Paul Octavious and Mirelva Berghout on the importance of documenting the present

A man with a camera in an old photo

The Black Archivist founder and the Amsterdam-based cultural curator discuss why documenting the present is important, and share images that have had a huge impact on them

By Leonie Owiredu Above image: RC Hickman Monday, 22 February, 2021

Mirelva Berghout: ‘Why did you start Black Archivist?’

Paul Octavious: ‘It began because when George Floyd and the protests were happening in the Midwest, I was on Facebook and everyone was talking about it, there was one thing that struck me hard. A comment from a White photographer said that they wish they were down at the protest to take images and sell them to Getty. In that one comment you’re showing your privilege, documenting someone else’s history and profiting from it. It just feels so wrong. A friend messaged me to say they had a camera and wondered if anyone could use it. Then I had a thought: I want to give these cameras away, so that people can tell their own stories, and it just snowballed from there. I wanted Black people to have the liberty to document their lives.’

Image by Gordon Parks

Image by Gordon Parks

A man stood in front of a studio backdrop outside

Image by Wulf Bradley

A man at a protest

Image by Wulf Bradley

MB: ‘What do you expect to have ignited from this? How do you hope this will contribute to the Black diasporic archive?’

PO: ‘There are different phases in what I want to do with Black Archivist. First, it’s giving cameras and now it’s teaching people the business side of photography and skills. A lot of people who got cameras weren’t aiming to be a photographer in life, but neither was I. This tool has led me to talk to you. This documentation is such a sword. Being in the US, there is a lot of work, but a lot goes to White photographers. Photography is privileged, from food to fashion, and sometimes you need higher end clothes. That experience is privileged. I want to break down those walls and give people firstly the tool of a camera and then tools beyond that; that is what I will try to do.’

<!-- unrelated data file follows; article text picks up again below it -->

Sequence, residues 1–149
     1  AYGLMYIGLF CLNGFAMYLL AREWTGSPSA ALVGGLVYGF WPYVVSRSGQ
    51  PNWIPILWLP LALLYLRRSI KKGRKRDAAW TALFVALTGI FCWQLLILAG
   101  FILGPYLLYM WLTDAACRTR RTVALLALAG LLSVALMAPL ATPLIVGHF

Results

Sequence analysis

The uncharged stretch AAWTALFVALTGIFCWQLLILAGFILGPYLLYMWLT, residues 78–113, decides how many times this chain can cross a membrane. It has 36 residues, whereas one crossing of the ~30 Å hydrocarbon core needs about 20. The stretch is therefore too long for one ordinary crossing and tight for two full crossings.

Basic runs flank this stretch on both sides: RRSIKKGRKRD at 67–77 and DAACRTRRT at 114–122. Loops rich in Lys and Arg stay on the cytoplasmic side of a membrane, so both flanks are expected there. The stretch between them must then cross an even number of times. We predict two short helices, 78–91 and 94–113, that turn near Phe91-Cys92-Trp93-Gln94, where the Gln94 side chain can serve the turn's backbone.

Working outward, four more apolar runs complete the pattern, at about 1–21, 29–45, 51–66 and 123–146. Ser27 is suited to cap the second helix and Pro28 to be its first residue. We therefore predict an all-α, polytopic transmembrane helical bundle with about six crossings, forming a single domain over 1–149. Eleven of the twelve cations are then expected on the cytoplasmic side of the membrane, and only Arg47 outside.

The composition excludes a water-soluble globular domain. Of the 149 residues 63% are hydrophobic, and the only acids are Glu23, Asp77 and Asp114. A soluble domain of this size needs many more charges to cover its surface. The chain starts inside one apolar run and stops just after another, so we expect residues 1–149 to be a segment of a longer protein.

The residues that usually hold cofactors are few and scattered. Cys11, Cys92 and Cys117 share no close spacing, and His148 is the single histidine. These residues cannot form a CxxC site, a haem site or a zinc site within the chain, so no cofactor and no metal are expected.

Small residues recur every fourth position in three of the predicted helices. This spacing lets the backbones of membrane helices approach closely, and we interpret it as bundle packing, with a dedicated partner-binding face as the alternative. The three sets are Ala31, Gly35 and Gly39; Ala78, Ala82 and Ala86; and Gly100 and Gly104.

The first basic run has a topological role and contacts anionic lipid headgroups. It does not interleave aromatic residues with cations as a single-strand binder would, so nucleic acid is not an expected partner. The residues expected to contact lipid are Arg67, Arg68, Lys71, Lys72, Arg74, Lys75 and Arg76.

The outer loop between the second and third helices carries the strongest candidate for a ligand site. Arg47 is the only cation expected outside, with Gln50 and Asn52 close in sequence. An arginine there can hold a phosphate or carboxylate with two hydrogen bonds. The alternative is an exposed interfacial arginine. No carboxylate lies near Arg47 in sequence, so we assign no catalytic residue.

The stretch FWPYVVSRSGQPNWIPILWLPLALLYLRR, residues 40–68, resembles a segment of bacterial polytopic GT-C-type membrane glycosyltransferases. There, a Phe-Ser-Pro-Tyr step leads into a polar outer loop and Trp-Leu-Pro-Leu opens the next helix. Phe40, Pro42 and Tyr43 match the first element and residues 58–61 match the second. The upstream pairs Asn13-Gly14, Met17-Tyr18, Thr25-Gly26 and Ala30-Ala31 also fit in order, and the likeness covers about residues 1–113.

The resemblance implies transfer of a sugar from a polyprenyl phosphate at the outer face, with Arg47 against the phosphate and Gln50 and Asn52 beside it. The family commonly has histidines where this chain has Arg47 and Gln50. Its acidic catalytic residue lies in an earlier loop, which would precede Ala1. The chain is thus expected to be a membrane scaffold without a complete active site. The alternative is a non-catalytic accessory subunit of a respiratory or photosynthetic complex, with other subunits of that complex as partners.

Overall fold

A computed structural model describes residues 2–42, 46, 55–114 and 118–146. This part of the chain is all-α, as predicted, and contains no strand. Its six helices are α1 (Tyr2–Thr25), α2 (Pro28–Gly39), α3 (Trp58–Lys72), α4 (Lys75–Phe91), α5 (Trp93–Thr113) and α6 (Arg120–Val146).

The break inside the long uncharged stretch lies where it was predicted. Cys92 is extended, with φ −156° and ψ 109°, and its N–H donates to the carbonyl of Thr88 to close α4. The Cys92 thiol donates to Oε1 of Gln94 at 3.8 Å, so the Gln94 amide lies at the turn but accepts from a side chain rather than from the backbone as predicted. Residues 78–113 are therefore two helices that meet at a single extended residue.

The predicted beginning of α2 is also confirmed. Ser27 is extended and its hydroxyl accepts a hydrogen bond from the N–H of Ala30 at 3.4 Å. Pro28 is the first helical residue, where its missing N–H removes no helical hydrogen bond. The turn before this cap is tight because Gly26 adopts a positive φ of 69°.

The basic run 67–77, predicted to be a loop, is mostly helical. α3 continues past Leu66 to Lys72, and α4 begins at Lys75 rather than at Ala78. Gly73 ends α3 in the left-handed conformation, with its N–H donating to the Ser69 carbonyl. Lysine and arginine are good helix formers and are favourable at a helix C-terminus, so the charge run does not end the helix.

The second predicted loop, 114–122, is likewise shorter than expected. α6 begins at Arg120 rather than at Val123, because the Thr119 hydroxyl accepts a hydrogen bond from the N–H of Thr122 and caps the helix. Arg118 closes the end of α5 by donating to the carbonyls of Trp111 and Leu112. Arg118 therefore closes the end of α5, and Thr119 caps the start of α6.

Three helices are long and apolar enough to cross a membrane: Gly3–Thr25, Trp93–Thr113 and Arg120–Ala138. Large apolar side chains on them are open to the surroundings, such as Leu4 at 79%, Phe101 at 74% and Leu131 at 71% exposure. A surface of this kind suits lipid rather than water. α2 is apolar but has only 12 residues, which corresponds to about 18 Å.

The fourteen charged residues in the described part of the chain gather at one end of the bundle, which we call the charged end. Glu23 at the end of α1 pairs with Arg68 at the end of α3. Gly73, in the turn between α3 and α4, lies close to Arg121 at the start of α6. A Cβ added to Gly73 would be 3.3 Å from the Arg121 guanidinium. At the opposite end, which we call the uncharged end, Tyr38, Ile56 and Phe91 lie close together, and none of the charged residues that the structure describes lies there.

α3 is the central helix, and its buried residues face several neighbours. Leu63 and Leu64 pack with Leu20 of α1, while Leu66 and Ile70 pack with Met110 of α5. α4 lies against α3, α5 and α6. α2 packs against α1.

A mural in the background of a protest

Image by Getty Images

MB: ‘Can you talk about the RC Hickman picture that’s on your website?

PO: ‘That when I first found it I didn’t know who he was? I asked myself, who are the Black photographers who inspired me? I knew Gordon Parks, but he wasn’t a part of my vernacular. I knew all of his work, but not the man behind it. When I began researching all the photographers of the Civil Rights Movement, I wondered, who are archivists now who aren’t getting their due? And that’s how I started curating all these photographers who are young and new. And it’s like going to school, Black school for me. I’m learning and I’m curating, and it’s a place for me to go and look at all these photographers I didn’t know existed.’

MB: ‘If you close your eyes, what pictures come to mind that are striking?’ 

PO: ‘It’s of one that I recently posted. It’s so iconic. It’s of this woman, Arial Robinson. She came out with a book called Black Hair Care In Color. Her hair is so high, beautiful, and natural. It just reminded me of Diana Ross with her giant hair with magnolias in it, and this image of a Black woman promoting her book. In this digital age you have to be able to do many things, and that one image is really impactful to me at the moment.’
For more information on Black Archivist and how to apply for or donate a camera, visit

A woman sat down holding a book with huge afro hair

Image by Arial Robinson

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